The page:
And not only does the Snyder’s take on the story work so well here, but his visuals are just stunning. The sets, costumes, lighting, the flawless special effects, all of it seems perfect and just about flawless. The talented crew on this movie obviously paid attention to Gibbon’s work in the book and perfectly brought it to life. Characters look nearly identical from the book, with only a handful of changes made. You have to give them credit for how they brilliantly came up with Rorschach’s mask, as that really helps make the predictable design choices for Nite Owl II forgivable. And all the designs, etc., just come together so well on screen, especially with the pitch-perfect directing and cinematography. And I really like how Snyder doesn’t make the movie all about these visuals. They’re great, yes, but they serve the story instead of surpassing it. That being said, they’re still absolutely beautiful. There’s nary a shot that isn’t artfully composed or easy to get lost in. The highlight of the film’s artistry, to me, has to be Dr. Manhattan’s origin story. It’s such a brilliant ten-minute piece, covering the character’s evolution from the typical “scientist caught in accident” beginnings to a near demigod growing ever more distant from this blue little planet. I can’t think of a better composition of images and words coming together in Watchmen than this scene right here. There’s other great moments, but this is the moment in the movie where Snyder just cracks it out of the park.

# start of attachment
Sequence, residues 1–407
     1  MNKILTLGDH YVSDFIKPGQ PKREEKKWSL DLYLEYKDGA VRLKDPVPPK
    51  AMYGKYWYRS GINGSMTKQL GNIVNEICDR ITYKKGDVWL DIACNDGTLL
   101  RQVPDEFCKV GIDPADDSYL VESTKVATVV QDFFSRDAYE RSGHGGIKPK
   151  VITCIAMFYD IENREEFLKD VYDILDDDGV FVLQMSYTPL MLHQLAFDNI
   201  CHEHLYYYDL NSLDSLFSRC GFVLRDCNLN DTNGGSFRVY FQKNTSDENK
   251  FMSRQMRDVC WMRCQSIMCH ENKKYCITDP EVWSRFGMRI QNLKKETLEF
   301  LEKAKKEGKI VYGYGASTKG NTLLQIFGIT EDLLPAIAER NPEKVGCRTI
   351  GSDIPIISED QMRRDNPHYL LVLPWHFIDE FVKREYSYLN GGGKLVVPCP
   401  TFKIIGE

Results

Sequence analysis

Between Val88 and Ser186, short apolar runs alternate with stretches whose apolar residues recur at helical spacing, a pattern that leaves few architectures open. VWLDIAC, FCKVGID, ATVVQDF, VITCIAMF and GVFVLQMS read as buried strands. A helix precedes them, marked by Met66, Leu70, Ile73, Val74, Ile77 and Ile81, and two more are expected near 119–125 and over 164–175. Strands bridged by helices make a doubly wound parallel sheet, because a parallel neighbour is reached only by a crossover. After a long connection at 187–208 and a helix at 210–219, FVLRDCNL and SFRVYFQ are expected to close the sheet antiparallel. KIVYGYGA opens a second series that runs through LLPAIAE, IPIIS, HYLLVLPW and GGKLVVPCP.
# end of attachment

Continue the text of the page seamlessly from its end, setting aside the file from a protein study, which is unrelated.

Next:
You can really feel that Snyder is trying to do something different here, different from the other comic book movies and different from his previous works. While we’ve seen countless movies described as “all flash and no substance,” Watchmen can probably be described as “flash driven by substance.” And you can see Snyder trying to step out of any pre-conceived notions that people may have of his work by trying something more story-driven. Now, The movie is violent and flashy, don’t get me wrong, and it features a heaping helping of nudity and sex, but Watchmen definitely doesn’t feel like any of Snyder’s previous work, such as the Dawn of the Dead remake or 300, nor does it feel like any previous comic book movie. We do get a few brief moments of Snyder’s signature speed ramping, but it happens a handful of times (if that) and is driven more by emotions and story than pointless fisticuffs, so it doesn’t even register as superfluous.